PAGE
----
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Same gene, different results

Nov. 2, 2008
Courtesy MIT
and World Science staff

Sci­en­tists are learn­ing to their sur­prise that a sin­gle gene very of­ten func­tions dif­fer­ently in dif­fer­ent parts of the body.

Genes gen­er­ally work by pro­duc­ing some mol­e­cule that serves a giv­en func­tion in the body. How­ev­er, sci­en­tists have long known one gene can pro­duce slightly dif­fer­ent forms of the same mol­e­cule, by skip­ping or in­clud­ing cer­tain al­ter­na­tive bits of ge­net­ic code.

The new re­search in­di­cates this phe­nom­e­non, known as al­ter­na­tive splic­ing, is far more prev­a­lent and varies more be­tween tis­sues than pre­vi­ously be­lieved. Nearly all hu­man genes, about 94 per­cent, gen­er­ate more than one form of their prod­ucts, re­search­ers re­ports in the Nov. 2 on­line edi­tion of the re­search jour­nal Na­ture

“A dec­ade ago, al­ter­na­tive splic­ing of a gene was con­sid­ered un­usu­al, ex­otic… it turns out that’s not true at al­l,” said Chris­to­pher Burge, sen­ior au­thor of the pa­per and a bi­olo­g­ist at the Mas­sa­chu­setts In­sti­tute of Tech­nol­o­gy.

Burge and col­leagues al­so found that in most cases the spe­cif­ic gene prod­uct de­pends on the tis­sue where the gene is ex­pressed, or ac­ti­vat­ed. The work paves the way for fu­ture stud­ies in­to the role of al­ter­na­tive pro­teins in spe­cif­ic tis­sues, in­clud­ing can­cer cells, he added.

Hu­man genes typ­ic­ally con­tain sev­er­al “ex­ons,” or DNA se­quences that code for ami­no acids, the build­ing blocks of large mol­e­cules called pro­teins. A sin­gle gene can pro­duce mul­ti­ple se­quences of ami­no acids, de­pend­ing on which ex­ons are in­clud­ed in the in­struc­tions that trav­el from the gene to a cel­l’s pro­tein-build­ing ma­chin­ery.

Two dif­fer­ent forms of the same pro­tein, known as iso­forms, can have dif­fer­ent, even op­po­site func­tions. For ex­am­ple, one pro­tein may set in mo­tion chains of ev­ents that lead cells to com­mit su­i­cide when nec­es­sary. A close rel­a­tive of the same pro­tein may in­stead pro­mote long­er cell sur­viv­al.

The re­search­ers found that the type of iso­form pro­duced of­ten de­pends strongly on the tis­sue. Cer­tain pro­tein iso­forms that are com­mon in the heart, for ex­am­ple, might be rare in the brain, so that the al­ter­na­tive ex­on func­tions like a mo­lec­u­lar switch. Sci­en­tists who study splic­ing have a gen­er­al idea of how tis­sue-spe­cif­icity may be achieved, but much less un­der­stand­ing of why iso­forms dis­play such tis­sue spe­cif­icity, Burge said.

One no­ta­ble find­ing was that peo­ple’s brains of­ten dif­fer in their ex­pres­sion of al­ter­na­tively spliced iso­forms, Burge and col­leagues said. Iso­form switch­ing al­so oc­curs in can­cer cells, they added: one such switch in­volves a met­a­bol­ic en­zyme and con­tri­butes to can­cer cells burn­ing large amounts of sug­ar and grow­ing more rap­id­ly. Learn­ing more about such switches could lead to po­ten­tial can­cer ther­a­pies, Burge said.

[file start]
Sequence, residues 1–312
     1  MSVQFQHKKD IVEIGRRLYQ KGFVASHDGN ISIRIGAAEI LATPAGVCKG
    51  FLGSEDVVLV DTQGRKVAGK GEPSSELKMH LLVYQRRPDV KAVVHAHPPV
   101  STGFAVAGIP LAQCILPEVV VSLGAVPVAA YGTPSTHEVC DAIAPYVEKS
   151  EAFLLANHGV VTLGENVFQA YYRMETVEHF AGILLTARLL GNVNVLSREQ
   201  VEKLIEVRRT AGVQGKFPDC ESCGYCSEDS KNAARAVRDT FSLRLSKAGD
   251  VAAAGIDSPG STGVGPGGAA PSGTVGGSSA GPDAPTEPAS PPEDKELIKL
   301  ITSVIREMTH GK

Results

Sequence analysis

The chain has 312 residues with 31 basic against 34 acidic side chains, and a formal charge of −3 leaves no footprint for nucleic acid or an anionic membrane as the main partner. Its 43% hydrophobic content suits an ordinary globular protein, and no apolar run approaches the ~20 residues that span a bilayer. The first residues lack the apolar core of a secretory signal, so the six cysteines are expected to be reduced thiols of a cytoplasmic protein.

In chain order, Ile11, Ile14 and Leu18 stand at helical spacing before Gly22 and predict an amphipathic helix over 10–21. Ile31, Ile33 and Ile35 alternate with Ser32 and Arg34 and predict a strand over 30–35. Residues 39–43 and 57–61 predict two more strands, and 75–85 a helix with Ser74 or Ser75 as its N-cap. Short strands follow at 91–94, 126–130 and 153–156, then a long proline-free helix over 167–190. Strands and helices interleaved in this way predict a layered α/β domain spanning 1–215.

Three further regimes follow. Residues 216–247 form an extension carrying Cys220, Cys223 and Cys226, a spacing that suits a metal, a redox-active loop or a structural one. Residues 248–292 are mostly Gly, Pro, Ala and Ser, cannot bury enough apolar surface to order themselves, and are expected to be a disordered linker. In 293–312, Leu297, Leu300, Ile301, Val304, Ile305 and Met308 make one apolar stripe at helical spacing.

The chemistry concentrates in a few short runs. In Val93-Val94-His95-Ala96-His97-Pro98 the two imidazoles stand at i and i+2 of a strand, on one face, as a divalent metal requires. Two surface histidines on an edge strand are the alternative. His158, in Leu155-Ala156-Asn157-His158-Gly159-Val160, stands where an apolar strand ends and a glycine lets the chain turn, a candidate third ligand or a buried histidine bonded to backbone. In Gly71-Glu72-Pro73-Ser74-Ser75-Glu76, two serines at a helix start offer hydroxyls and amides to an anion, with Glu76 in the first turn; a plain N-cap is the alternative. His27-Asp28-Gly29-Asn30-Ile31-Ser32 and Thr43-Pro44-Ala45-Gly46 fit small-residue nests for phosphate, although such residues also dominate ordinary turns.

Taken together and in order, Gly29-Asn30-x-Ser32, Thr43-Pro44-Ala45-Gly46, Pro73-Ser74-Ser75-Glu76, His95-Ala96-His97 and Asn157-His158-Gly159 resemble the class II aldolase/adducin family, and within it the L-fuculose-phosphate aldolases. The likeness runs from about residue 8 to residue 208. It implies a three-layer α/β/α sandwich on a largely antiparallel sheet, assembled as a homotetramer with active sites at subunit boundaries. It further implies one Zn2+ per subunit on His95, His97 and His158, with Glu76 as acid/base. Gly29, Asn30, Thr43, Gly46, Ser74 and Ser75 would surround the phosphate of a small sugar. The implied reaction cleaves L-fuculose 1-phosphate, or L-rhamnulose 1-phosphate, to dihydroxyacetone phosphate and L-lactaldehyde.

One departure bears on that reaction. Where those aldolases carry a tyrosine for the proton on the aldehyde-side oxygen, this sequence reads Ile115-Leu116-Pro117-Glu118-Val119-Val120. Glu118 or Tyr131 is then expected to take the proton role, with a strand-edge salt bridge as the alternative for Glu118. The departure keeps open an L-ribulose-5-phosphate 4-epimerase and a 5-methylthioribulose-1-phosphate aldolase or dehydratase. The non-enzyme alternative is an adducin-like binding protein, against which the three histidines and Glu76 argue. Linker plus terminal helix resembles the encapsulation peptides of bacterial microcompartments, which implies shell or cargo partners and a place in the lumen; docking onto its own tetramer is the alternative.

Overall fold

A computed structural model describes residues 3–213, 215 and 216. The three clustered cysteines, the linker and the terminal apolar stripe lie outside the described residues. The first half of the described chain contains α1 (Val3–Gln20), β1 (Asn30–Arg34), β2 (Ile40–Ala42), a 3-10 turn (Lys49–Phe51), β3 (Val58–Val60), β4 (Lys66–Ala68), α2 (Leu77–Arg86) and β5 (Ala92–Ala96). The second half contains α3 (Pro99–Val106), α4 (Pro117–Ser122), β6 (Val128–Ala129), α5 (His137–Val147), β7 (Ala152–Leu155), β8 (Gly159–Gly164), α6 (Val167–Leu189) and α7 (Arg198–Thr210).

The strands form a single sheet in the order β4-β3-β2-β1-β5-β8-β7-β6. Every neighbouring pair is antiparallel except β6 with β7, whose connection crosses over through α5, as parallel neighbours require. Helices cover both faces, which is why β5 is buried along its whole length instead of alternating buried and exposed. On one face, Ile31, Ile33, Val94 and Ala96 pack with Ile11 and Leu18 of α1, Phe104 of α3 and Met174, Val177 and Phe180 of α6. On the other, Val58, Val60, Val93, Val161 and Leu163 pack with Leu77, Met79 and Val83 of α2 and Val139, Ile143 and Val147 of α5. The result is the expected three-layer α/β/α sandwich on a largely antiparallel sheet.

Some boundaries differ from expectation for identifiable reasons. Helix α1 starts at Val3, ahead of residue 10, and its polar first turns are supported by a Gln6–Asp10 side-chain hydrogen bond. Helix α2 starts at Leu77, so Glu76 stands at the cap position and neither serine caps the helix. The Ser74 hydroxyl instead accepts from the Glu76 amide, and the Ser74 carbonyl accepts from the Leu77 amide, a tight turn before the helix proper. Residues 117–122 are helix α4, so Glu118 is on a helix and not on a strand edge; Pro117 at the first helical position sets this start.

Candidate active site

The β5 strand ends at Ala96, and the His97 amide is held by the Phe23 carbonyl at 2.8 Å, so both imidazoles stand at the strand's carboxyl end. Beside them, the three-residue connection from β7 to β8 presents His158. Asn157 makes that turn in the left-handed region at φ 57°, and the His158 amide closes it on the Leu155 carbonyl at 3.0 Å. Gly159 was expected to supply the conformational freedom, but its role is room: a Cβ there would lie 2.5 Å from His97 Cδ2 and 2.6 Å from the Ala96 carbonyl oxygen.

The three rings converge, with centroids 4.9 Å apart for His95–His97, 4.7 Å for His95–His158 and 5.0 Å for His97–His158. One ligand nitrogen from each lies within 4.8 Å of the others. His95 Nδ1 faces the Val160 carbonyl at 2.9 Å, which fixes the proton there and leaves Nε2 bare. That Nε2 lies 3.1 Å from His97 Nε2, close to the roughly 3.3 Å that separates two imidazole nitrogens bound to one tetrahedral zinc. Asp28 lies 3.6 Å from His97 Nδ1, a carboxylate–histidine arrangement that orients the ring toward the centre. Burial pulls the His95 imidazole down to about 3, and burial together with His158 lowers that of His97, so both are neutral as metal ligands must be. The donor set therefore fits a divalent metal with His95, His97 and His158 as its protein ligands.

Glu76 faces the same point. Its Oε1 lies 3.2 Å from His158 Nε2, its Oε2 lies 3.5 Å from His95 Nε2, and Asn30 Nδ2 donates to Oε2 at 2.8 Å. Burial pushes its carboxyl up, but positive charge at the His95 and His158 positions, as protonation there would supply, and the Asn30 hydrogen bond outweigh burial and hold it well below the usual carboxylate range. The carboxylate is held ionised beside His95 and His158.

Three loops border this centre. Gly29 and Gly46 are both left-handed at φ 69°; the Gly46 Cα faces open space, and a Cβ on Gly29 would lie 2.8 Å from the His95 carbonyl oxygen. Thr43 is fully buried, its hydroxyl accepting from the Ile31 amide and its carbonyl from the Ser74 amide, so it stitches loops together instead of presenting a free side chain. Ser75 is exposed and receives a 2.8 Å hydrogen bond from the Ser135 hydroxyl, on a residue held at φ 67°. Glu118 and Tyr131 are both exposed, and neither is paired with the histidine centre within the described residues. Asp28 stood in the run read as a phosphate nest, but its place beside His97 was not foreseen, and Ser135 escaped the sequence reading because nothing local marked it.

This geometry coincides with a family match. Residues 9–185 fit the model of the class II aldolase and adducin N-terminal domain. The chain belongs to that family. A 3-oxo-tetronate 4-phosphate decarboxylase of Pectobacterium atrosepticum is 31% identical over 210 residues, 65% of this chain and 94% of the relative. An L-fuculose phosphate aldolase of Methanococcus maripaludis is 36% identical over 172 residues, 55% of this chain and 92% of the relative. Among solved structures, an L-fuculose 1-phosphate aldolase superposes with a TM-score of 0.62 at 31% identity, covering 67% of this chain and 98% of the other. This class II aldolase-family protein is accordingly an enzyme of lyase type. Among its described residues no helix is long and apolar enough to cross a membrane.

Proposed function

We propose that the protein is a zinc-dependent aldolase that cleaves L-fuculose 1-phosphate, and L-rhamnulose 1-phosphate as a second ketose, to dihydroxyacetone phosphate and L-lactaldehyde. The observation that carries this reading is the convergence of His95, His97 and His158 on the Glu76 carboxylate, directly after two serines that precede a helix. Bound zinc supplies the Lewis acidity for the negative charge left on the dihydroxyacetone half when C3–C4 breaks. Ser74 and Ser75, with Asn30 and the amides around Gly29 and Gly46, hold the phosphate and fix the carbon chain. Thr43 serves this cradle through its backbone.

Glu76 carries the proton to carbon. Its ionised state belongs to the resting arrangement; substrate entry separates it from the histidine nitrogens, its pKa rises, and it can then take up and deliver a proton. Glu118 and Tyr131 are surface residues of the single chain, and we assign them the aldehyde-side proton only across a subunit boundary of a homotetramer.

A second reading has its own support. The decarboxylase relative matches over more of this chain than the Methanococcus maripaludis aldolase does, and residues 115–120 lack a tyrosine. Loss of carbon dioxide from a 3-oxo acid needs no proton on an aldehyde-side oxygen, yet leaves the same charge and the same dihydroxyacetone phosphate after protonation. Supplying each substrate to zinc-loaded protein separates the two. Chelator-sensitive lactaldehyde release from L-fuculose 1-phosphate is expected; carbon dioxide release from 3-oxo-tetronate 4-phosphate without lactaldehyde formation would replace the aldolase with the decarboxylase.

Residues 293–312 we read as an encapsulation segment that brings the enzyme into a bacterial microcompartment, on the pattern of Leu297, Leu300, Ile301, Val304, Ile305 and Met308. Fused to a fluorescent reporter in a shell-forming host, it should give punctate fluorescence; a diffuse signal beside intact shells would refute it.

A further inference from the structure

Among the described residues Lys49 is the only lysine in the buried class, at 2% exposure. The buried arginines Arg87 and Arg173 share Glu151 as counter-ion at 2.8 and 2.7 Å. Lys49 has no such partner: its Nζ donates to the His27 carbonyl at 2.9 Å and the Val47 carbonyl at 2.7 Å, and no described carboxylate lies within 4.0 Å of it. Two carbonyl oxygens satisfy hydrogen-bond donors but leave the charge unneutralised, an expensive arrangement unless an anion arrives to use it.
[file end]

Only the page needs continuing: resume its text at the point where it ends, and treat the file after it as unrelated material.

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Scientists are learning to their surprise that a single gene very often functions differently in different parts of the body. Genes generally work by producing some molecule that serves a given function in the body. However, scientists have long known one gene can produce slightly different forms of the same molecule, by skipping or including certain alternative bits of genetic code. The new research indicates this phenomenon, known as alternative splicing, is far more prevalent and varies more between tissues than previously believed. Nearly all human genes, about 94 percent, generate more than one form of their products, researchers reports in the Nov. 2 online edition of the research journal Nature. “A decade ago, alternative splicing of a gene was considered unusual, exotic… it turns out that’s not true at all,” said Christopher Burge, senior author of the paper and a biologist at the Massachusetts Institute of Technology. Burge and colleagues also found that in most cases the specific gene product depends on the tissue where the gene is expressed, or activated. The work paves the way for future studies into the role of alternative proteins in specific tissues, including cancer cells, he added. Human genes typically contain several “exons,” or DNA sequences that code for amino acids, the building blocks of large molecules called proteins. A single gene can produce multiple sequences of amino acids, depending on which exons are included in the instructions that travel from the gene to a cell’s protein-building machinery. Two different forms of the same protein, known as isoforms, can have different, even opposite functions. For example, one protein may activate pathways that induce cells to commit suicide when necessary. A close relative of the same protein may instead promote longer cell survival. The researchers found that the type of isoform produced often depends strongly on the tissue. Certain protein isoforms that are common in the heart, for example, might be rare in the brain, so that the alternative exon functions like a molecular switch. Scientists who study splicing have a general idea of how tissue-specificity may be achieved, but much less understanding of why isoforms display such tissue specificity, Burge said. One notable finding was that people’s brains often differ in their expression of alternative spliced mRNA isoforms, Burge and colleagues said. Isoform switching also occurs in cancer cells. One such switch involves a metabolic enzyme and contributes to cancer cells burning large amounts of sugar and growing more rapidly. Learning more about such switches could lead to potential cancer therapies, Burge said.